More about Diabetes

What is Diabetes?

Diabetes is a disease that keeps your body from making or using insulin properly. Insulin is a hormone made by your pancreas. Insulin helps turn the food you eat into the energy your body needs. When you have diabetes, your body doesn’t change food into energy as well as it should. Without proper treatment, sugar builds up in your blood, which can lead to problems with the heart, kidney, eyes, legs and feet. People with diabetes have twice the chance of having heart disease and a stroke.

There are two types of diabetes. Type 1 diabetes is when the body doesn’t produce enough insulin. It is typically first diagnosed in childhood. Type 2 diabetes is when the body does not respond as it should to insulin. Both children and adults can get type 2 diabetes.

Who is at risk for diabetes?

Risk factors for type 2 diabetes include:

  • Older age
  • Being overweight or obese
  • Family history of diabetes
  • Having diabetes during a pregnancy (gestational diabetes)
  • Higher than normal levels of blood sugar, called impaired glucose tolerance or pre-diabetes
  • Not exercising

Risk factors for type 1 diabetes are less clearly defined. Family history, genetics and problems with the body’s system for fighting infection can lead to a higher risk for type 1 diabetes.

Diabetes is more common for African Americans and for people with lower incomes or education.

What is the impact of diabetes in our community?

According to the 2007 National Diabetes Fact Sheet, more than 23 million or 7.8 percent of people in the United States have diabetes. This means that for every 100 people, nearly 8 of them have diabetes. Approximately 1.6 million people are diagnosed with diabetes every year. A 2008 community health assessment estimated that 9 percent of York County residents and 7 percent of Adams County residents have diabetes.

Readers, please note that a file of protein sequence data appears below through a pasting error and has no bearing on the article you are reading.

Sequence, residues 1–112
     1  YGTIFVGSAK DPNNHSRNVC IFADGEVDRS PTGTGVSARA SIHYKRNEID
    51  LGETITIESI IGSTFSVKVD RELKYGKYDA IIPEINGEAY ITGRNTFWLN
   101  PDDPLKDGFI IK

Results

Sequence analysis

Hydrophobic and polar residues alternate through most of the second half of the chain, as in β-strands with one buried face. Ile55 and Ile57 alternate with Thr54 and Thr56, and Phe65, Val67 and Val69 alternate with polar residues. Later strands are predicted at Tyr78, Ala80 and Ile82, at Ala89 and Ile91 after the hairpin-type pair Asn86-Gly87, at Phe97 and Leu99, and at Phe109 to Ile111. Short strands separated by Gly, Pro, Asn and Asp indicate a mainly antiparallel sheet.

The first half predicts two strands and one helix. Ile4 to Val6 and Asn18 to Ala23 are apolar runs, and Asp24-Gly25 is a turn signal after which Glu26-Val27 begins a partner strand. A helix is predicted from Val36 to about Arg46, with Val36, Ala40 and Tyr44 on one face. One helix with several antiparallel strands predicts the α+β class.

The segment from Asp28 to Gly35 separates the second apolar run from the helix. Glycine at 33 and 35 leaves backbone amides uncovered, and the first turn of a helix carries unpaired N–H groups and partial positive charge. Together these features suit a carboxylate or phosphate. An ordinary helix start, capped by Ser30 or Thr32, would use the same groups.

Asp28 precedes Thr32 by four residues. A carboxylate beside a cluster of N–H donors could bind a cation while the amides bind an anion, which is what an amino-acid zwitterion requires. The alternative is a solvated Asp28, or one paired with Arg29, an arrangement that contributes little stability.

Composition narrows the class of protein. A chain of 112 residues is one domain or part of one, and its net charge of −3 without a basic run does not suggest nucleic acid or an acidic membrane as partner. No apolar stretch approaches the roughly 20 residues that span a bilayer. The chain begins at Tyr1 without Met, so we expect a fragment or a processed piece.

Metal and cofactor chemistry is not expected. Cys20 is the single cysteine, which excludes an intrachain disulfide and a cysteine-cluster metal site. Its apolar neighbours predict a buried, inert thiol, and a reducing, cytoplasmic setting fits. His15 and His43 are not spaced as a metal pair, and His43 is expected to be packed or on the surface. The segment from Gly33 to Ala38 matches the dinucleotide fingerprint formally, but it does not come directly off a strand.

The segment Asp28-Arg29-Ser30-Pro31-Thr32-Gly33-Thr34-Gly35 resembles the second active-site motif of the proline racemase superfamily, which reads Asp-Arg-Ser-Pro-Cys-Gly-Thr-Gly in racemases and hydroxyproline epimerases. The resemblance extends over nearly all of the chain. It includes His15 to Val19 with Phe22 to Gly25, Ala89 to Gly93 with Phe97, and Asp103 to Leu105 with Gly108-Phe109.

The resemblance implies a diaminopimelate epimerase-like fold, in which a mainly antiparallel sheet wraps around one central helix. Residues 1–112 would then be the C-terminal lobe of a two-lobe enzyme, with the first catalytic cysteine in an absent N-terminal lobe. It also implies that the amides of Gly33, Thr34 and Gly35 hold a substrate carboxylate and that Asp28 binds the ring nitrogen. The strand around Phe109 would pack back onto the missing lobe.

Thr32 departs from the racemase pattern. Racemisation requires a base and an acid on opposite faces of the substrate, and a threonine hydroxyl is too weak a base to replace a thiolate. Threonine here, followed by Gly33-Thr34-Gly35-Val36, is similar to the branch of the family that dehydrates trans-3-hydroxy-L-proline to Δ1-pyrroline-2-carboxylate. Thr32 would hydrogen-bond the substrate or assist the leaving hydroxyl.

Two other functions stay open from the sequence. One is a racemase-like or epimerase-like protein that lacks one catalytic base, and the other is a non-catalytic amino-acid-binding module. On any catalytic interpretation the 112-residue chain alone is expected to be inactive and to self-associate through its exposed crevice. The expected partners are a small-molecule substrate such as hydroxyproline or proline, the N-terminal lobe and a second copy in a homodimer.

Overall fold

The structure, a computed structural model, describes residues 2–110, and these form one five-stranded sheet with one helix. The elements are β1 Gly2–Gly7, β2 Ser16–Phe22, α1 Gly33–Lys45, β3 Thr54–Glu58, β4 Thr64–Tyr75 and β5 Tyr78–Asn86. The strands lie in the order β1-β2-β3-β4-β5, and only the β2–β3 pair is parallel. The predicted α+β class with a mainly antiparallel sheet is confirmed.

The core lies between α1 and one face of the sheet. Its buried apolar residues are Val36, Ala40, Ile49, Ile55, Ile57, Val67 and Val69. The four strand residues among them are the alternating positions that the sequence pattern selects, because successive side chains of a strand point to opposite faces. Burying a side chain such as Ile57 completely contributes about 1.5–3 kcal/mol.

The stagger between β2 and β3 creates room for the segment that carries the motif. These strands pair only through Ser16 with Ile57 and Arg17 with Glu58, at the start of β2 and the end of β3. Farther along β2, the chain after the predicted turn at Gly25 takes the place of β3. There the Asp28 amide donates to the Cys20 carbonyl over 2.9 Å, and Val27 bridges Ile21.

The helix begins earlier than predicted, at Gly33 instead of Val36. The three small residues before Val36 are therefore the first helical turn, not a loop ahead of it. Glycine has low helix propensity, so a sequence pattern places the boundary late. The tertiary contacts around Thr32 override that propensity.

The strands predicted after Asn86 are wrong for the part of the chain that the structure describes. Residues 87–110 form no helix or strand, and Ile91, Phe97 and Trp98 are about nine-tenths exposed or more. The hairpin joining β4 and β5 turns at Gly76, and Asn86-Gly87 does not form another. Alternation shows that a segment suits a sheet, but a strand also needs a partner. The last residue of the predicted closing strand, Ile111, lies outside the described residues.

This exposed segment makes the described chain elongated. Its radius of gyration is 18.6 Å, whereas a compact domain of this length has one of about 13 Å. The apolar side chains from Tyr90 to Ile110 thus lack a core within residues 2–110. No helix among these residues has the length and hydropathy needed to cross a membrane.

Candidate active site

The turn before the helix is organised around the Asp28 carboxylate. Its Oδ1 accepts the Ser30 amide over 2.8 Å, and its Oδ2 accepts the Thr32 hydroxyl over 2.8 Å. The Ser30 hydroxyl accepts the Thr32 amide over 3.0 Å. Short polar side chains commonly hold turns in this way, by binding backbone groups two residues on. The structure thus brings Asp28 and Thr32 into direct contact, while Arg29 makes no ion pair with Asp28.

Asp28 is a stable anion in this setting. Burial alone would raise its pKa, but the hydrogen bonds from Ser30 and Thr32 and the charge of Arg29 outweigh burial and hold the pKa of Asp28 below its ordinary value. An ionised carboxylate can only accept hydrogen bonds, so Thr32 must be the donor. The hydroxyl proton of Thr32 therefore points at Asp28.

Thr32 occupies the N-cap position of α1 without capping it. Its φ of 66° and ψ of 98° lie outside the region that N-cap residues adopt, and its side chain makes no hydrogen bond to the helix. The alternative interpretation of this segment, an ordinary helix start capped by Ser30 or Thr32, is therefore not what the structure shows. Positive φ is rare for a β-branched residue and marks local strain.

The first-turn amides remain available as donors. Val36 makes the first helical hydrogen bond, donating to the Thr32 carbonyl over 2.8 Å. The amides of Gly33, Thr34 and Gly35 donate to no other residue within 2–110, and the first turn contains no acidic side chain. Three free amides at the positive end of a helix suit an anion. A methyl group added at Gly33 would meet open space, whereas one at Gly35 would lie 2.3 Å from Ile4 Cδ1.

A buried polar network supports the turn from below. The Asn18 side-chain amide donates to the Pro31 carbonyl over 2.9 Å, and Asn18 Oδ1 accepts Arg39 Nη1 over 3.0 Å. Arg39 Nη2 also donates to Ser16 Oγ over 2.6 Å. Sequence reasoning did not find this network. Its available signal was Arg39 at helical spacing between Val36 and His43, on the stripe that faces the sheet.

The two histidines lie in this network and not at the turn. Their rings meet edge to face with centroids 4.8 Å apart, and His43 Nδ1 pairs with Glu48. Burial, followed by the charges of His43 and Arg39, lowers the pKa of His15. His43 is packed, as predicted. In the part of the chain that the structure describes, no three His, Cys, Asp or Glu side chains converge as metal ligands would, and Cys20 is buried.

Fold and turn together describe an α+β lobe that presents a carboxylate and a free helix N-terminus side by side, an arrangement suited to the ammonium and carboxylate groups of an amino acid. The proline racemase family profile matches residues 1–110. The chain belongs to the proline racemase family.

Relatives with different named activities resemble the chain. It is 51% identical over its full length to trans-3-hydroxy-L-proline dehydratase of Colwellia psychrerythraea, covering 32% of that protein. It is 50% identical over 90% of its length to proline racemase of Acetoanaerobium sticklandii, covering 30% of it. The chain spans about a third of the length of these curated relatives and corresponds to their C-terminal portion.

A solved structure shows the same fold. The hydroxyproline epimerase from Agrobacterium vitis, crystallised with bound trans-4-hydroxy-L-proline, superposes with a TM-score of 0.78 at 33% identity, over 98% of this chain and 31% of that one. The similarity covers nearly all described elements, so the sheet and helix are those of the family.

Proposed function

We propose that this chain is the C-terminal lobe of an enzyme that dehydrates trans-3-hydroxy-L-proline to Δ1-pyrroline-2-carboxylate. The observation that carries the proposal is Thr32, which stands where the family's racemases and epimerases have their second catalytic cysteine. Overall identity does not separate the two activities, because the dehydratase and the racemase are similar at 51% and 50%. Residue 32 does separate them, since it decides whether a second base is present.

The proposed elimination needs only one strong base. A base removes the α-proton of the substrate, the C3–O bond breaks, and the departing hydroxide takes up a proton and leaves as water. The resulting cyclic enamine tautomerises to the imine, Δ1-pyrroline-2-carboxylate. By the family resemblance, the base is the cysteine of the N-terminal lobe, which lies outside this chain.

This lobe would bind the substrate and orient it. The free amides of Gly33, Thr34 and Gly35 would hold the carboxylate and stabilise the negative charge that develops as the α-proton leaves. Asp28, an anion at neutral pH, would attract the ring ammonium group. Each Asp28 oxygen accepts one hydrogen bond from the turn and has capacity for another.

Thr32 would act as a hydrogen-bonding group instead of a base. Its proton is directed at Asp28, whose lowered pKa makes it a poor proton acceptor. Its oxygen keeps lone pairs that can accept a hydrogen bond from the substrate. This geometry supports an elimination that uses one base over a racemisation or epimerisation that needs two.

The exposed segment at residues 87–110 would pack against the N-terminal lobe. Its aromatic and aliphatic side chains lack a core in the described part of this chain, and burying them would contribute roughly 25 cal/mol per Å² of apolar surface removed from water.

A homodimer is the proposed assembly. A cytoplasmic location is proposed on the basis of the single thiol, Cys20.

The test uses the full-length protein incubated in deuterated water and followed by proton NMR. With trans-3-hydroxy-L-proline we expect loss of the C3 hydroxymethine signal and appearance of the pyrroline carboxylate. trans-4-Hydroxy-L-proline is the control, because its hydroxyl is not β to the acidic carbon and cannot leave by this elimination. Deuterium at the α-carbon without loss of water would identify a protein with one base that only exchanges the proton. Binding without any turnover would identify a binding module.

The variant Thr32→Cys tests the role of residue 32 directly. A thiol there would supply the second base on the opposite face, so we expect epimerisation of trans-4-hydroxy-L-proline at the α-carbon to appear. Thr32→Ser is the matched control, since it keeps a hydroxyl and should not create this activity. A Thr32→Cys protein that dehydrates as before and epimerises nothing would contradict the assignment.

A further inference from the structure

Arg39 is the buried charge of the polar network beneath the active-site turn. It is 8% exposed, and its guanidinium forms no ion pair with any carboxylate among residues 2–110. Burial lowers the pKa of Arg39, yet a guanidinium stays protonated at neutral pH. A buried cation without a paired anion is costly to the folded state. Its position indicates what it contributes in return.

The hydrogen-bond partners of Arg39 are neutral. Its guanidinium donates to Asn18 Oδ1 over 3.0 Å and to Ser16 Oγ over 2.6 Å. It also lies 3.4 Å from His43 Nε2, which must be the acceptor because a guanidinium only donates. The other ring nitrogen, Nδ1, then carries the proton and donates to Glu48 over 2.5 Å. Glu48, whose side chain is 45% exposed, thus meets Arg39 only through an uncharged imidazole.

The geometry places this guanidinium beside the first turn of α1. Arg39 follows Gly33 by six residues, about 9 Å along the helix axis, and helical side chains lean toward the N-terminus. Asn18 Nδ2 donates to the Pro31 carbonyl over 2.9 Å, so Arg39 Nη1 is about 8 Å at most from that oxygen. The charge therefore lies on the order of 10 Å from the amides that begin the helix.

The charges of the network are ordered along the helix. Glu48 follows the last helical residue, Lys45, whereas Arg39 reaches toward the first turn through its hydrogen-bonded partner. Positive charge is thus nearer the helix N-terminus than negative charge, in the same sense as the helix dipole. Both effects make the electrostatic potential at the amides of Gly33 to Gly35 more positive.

Diabetes has a significant financial impact on the economy. In 2007, diabetes cost the U.S. more than $174 billion, including direct medical expenses and indirect costs. Indirect costs include increased absenteeism, reduced productivity and lost productivity due to early deaths. In Pennsylvania alone, diabetes cost more than $6.5 million in 2007 in health care and time away from work.

What can you do?

There are things that people with diabetes can do to improve their health:

  1. Having a good relationship with your doctor can help you to better understand your diabetes and lower your chances of having heart disease, stroke or other problems.
  2. Keeping your blood sugar levels as close to normal as possible will help to prevent damage to your organs.
  3. Making sure you are getting regular check-ups that include the following tests:
    • Blood pressure check
    • A1C blood test
    • Cholesterol blood test
    • Eye exam
    • Blood and urine tests to see how the kidneys are working

Also, review these warning signs for Type 2 Diabetes, and the four-step action plan for managing diabetes.

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